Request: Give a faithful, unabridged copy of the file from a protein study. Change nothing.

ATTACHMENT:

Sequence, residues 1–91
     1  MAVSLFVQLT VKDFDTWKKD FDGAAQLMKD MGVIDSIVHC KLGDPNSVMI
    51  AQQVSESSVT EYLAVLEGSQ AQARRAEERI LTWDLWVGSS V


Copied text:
Sequence, residues 1–91
     1  MAVSLFVQLT VKDFDTWKKD FDGAAQLMKD MGVIDSIVHC KLGDPNSVMI
    51  AQQVSESSVT EYLAVLEGSQ AQARRAEERI LTWDLWVGSS V